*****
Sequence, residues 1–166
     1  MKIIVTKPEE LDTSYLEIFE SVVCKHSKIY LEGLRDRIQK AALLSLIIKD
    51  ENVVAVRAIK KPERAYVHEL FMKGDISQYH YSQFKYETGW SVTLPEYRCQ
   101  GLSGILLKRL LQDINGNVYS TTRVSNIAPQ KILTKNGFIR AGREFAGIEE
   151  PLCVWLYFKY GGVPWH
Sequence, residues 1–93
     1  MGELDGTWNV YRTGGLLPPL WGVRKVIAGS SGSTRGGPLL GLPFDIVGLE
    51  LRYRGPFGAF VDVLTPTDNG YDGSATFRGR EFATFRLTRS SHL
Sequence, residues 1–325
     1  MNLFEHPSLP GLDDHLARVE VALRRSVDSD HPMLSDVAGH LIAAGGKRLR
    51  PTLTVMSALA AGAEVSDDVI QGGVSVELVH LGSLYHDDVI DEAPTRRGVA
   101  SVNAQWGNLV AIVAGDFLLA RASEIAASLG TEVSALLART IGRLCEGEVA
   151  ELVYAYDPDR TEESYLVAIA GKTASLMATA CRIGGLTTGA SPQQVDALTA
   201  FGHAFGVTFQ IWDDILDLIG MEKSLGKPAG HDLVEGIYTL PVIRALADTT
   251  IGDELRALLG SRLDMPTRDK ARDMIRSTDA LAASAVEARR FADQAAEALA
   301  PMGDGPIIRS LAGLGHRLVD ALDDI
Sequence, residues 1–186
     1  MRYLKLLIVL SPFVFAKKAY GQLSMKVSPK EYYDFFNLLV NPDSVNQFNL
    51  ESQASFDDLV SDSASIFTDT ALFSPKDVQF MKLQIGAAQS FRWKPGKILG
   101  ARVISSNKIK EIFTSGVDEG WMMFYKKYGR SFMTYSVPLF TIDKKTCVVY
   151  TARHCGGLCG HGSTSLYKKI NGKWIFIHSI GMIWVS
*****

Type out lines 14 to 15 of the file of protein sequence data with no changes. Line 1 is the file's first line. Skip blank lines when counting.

   201  FGHAFGVTFQ IWDDILDLIG MEKSLGKPAG HDLVEGIYTL PVIRALADTT
   251  IGDELRALLG SRLDMPTRDK ARDMIRSTDA LAASAVEARR FADQAAEALA